Hawaii is a paradise in many ways, notwithstanding the occasional tropical storm or even an awful hurricane every twenty years of so. In particular, it’s the people here who make it so endlessly different and interesting. Our governor, Neil Abercrombie, is fond of saying that our diversity doesn’t divide is, it defines us. The fact is, everyone who lives here belongs to a racial minority. That, all by itself, is pretty interesting.
I’m not sure why, but that may also be one reason why Hawaii seems to attract more than its allotted share of both odd and interesting people. And grifters and drifters, too, although that was probably more the case before 5-hour jet flights and the internet made Hawaii seem a lot closer to the mainland. We’ve always had a lot of celebrities here, too … both full- and part-time residents like Oprah and Kris Kristofferson and Willie Nelson, as well as those who come on vacation.
I’m not sure what it is, but most of the famous people who show up here are a lot more relaxed when it comes to mingling with the locals than they would be in a mainland city of comparable size. And we do tend to give them some extra space.
Jacqueline Kennedy was in Honolulu not more than three or four years after her husband was assassinated. Before she arrived, one of the local papers suggested in an editorial that it would be nice if we all just left her alone. She visited the local art museum when I was doing its public relations and remarked to the director that she thought Honolulu seemed to be a bit aloof … and was quite touched when she was told the real reason.
Another thing I can’t really explain: local people are inclined to give their kids somewhat unusual names, probably to set them apart, because there are a lot of very common surnames. Some are funny and many are inventive, but it’s going to be a long time before I come across one that tickled me more than the name I saw on a badge worn by a young woman at a check-out line a few weeks ago: ROCKSANNE.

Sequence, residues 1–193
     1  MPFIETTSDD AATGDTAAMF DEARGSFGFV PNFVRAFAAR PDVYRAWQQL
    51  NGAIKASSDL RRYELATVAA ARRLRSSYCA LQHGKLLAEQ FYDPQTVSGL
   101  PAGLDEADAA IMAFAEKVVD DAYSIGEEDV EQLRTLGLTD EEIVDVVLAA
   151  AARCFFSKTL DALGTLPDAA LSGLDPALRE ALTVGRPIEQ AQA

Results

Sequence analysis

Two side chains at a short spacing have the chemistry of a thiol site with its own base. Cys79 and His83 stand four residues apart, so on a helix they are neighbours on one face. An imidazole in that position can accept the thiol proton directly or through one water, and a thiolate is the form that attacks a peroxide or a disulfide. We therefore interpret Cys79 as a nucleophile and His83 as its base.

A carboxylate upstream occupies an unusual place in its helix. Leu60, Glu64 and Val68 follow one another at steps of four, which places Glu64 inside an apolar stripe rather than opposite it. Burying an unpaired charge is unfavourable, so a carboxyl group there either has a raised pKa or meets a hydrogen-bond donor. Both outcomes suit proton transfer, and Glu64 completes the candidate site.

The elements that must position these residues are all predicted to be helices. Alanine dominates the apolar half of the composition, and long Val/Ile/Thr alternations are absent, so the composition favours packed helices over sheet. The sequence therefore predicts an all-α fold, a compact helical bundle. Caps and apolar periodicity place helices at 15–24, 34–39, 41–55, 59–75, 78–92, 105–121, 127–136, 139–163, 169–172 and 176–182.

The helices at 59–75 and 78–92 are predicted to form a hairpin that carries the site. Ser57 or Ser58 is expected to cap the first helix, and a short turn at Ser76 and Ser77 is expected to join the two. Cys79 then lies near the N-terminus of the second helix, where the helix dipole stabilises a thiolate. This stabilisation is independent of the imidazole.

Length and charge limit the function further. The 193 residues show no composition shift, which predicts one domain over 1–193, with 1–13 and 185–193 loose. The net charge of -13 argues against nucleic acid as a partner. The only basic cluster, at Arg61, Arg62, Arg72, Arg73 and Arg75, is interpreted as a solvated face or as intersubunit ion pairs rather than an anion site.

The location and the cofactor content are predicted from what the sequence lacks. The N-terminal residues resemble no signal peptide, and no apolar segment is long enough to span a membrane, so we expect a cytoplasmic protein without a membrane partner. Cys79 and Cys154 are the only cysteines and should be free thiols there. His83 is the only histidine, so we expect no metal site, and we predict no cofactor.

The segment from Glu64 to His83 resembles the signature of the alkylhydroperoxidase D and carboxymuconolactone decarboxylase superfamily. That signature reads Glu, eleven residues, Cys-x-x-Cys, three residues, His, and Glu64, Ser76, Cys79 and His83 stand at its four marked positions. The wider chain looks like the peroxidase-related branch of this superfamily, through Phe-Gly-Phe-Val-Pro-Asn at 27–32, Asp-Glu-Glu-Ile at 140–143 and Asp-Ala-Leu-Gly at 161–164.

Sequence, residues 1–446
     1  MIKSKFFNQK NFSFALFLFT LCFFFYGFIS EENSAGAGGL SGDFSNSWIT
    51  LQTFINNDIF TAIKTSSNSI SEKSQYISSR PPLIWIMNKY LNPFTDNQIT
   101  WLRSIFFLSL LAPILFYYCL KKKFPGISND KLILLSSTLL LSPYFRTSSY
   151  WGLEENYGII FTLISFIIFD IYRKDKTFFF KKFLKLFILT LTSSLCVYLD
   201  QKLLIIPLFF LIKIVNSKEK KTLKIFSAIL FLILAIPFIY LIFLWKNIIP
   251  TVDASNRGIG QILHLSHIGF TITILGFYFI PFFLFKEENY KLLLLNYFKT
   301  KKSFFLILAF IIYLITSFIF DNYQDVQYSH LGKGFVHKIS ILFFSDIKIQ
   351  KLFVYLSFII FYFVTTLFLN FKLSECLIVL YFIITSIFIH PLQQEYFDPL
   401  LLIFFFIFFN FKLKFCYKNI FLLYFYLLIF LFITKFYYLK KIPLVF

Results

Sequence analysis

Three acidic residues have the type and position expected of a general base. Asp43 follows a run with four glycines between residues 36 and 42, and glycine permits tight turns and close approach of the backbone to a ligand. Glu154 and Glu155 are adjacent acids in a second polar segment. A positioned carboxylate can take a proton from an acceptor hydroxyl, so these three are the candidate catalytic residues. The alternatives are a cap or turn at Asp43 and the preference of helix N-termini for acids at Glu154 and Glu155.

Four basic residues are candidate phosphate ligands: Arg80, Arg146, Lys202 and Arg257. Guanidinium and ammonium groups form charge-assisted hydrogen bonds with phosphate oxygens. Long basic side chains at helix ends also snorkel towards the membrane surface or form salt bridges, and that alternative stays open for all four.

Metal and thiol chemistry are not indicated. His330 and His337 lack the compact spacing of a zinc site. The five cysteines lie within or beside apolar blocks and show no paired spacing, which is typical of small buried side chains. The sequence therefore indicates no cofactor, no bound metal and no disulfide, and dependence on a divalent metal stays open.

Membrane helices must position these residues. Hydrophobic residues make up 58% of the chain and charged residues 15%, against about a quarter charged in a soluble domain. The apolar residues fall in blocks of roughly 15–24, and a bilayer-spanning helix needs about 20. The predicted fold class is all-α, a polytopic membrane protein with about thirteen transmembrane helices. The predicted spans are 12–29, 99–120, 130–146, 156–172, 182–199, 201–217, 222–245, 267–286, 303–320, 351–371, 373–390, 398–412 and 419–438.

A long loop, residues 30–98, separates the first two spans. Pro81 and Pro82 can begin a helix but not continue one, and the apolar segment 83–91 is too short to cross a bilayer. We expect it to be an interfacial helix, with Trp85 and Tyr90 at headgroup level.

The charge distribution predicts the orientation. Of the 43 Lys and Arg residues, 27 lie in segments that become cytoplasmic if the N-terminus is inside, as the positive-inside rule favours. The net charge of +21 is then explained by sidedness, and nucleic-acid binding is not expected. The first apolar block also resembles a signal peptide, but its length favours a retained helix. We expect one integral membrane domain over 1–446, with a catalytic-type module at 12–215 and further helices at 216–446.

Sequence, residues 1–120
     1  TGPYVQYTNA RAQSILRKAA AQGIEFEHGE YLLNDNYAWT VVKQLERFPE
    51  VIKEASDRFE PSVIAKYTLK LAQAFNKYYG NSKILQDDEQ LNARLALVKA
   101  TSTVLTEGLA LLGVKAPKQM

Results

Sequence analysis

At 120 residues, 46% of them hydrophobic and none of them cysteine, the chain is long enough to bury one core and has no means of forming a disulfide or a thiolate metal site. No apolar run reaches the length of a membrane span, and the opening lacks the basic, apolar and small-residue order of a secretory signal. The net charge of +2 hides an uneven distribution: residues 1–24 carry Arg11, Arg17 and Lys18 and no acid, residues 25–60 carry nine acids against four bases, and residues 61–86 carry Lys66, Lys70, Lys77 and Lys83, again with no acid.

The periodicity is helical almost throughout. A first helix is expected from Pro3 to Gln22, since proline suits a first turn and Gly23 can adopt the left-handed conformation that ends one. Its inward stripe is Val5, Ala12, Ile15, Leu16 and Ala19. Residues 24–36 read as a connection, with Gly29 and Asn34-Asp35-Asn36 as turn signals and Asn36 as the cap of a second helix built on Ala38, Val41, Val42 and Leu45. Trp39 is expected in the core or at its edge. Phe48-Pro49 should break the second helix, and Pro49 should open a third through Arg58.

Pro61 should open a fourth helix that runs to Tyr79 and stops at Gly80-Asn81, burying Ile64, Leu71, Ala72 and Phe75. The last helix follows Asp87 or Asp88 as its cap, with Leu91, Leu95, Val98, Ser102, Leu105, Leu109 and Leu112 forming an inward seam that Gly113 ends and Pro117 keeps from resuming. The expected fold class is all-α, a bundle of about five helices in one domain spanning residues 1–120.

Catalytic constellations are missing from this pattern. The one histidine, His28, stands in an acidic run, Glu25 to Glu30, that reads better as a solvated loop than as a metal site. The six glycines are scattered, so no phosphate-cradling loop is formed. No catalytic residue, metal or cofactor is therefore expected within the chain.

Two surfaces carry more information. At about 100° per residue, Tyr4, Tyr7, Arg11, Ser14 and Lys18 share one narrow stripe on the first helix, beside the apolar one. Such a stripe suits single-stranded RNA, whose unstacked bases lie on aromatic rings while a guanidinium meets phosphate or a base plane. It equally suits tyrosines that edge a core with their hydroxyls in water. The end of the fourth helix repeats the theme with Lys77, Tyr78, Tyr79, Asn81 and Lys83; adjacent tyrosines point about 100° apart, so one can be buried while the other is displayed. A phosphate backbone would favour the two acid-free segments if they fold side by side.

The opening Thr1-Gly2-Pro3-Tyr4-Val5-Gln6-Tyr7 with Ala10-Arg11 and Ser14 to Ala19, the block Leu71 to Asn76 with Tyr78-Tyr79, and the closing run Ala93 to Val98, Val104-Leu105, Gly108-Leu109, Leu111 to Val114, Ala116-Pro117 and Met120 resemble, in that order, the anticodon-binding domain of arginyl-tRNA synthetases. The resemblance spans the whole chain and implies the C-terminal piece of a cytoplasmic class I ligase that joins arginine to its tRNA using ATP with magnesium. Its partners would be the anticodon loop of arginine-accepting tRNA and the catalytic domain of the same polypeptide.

Newcomers here can be awfully irritating sometimes. It’s probably true that Hawaii attracts more than its fair share of wealthy people, but why is it that some of them think that because they’re rich, they must therefore be smart? For instance, someone like the guy who made a pile in the stock market, buys a magazine and immediately starts telling experienced editors what to do … then blames them when the magazine folds.
And why is it that some people move to Hawaii from the mainland and immediately begin publicly criticizing how we do things? Here on Maui, the criticism is often about the 150-year-old practice of burning sugar cane fields before harvesting. Typically, it comes in the form of a letter-to-the-editor of the Maui News, overflowing with indignation and signed …
John and Mary Smith
Kihei – Santa Barbara
Trying to impress us with the fact that they own two homes really doesn’t work. We just write them off as a couple of typical “coast haoles” who are probably only here for a month or two every year and who will never ever understand what it is about Hawaii that is so special. So unique. So damn near perfect.